Public Seminar – Maths-As-It-Could-Be: The life and philosophy of Japanese mathematician Kiyoshi Oka


Kiyoshi Oka (1901-1978) was one of the greatest Japanese mathematicians of the 20th century. His contribution to mathematics was such that Carl Siegel mistakenly believed ‘Oka’ to be the name of a group of mathematicians. In Japan, Oka is known not only for his tremendous contribution to maths, but also as a great thinker and philosopher. His thoughts were shaped through the prisms of the Japanese language and culture and he was greatly influenced by traditional Zen Buddhist philosophy (in particular, that of Dōgen) and Japanese literature such as Matsuo Bashō and Natsume Soseki.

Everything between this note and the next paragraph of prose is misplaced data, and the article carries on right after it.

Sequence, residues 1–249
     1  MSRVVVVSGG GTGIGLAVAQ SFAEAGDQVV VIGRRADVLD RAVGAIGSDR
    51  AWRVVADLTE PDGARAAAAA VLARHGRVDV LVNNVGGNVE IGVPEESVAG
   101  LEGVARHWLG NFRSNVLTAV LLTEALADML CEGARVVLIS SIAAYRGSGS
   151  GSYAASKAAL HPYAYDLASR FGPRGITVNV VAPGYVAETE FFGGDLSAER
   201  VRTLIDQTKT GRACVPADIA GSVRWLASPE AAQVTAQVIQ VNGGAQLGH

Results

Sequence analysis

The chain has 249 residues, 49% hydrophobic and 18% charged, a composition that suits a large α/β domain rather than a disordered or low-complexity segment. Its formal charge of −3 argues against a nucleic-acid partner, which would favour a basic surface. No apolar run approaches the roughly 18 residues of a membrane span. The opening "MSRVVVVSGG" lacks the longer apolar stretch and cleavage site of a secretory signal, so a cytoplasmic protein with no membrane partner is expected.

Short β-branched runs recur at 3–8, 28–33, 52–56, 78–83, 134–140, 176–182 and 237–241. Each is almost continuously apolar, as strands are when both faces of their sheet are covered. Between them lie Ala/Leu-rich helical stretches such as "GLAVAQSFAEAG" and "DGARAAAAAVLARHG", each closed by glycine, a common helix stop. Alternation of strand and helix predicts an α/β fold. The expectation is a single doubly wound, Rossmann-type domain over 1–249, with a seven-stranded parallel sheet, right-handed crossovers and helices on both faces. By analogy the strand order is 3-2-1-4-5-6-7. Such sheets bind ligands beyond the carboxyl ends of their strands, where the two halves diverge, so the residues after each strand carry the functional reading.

In this public seminar, independent scholar Masao Morita, will introduce Oka’s unique philosophy of mathematics and the Japanese traditional thoughts underlying his ideas. He will also shed light on Oka’s life and thinking as a mathematician while examining how Oka pursued a “maths as it could be”. Joining Morita in discussion will be Professor Tadashi Tokieda from the University of Cambridge.

Date: 17 October 2014 from 6.30pm
Venue: The Japan Foundation, London

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